A Confederacy of Dunces
Today’s review is of “A Confederacy of Dunces” by John Kennedy Toole. Quick background – the book was written in the 1960s. Toole couldn’t get it published and committed suicide in 1969. His mom finally got it published and it won the Pulitzer Prize for fiction in 1981.
“Confederacy of Dunces” has to be the most original novel I’ve ever read. I can see why it was so hard to publish. It is set in New Orleans in the early 1960s. The main character is pathetic and despicable. He’s an extremely intelligent, well educated, obese, flatulant loser who just might be seriously deranged. His working class parents spent almost all their savings on his college education only to have him move back into the house and refuse to get a job. Ignatius J Reilly is 30 years old when the novel opens, unemployed, and living with his momma.
Once momma forces him to get a job, he proceeds to annihilate her hopes, dreams, dignity, reputation, finances, and life in general. It’s a hilarious book, but if your sense of humor doesn’t tend toward the dark, you might not like it. I can see how the book might make parents of high school and college age kids very nervous. Ignatius has to be the most selfish protagonist in modern literature. He seems incapable of empathy or maybe he simply doesn’t care. Intellectually, he believes the European Middle Ages were the pinnacle of human culture and he acts accordingly. He is a nightmare of an employee, nearly bankrupting the two employers stupid enough to give him a job. In his first job he tries to lead the factory workers in a revolt against management even though management is benignly clueless and broke. His second job is as a mobile hot dog vendor. He proceeds to eat all his inventory day after day after day.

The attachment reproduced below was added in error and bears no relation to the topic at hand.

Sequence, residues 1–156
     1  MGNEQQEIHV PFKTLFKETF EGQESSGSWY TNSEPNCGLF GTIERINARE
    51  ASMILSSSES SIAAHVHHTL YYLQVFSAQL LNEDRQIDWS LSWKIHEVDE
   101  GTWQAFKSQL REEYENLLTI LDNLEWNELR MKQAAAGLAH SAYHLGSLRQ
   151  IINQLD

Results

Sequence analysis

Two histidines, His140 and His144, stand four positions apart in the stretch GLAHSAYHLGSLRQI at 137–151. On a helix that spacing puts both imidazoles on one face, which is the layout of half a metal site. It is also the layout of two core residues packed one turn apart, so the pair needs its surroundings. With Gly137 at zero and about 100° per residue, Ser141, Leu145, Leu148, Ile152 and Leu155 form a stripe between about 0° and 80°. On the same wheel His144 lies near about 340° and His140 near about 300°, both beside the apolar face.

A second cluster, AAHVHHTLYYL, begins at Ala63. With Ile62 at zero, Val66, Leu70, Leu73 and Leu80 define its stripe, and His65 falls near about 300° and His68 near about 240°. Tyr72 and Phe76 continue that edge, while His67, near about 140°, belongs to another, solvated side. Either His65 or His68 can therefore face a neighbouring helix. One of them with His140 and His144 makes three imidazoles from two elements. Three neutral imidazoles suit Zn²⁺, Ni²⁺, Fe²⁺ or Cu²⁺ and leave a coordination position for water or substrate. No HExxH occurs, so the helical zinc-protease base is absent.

There are several other characters in the book and some storylines don’t involve Ignatius except indirectly, but I didn’t find one likeable character in the entire novel. There is a policeman who seems kind, but he is so stupid it’s impossible to feel sorry for him even though his supervisor dresses him up as a clown and makes him sit in a stall in the bus station restroom every single day for a month. He’s supposed to be looking for suspicious characters to arrest, but that’s hard to do when you can’t leave the stall. It’s one of those books you have to read in small chunks or you will begin to hate the characters and refuse to finish it.
Overall, I found the book to be highly original, funny and enjoyable. The novel ends with Ignatius dodging the mental health officials his mother has summoned to commit him and escaping towards New York. He cowers in the back seat of a car while his platonic sex-crazed girlfriend begins driving them to New York. There could have been a sequel cause that trip to New York has catastrophe written all over it. No way they ever made it.
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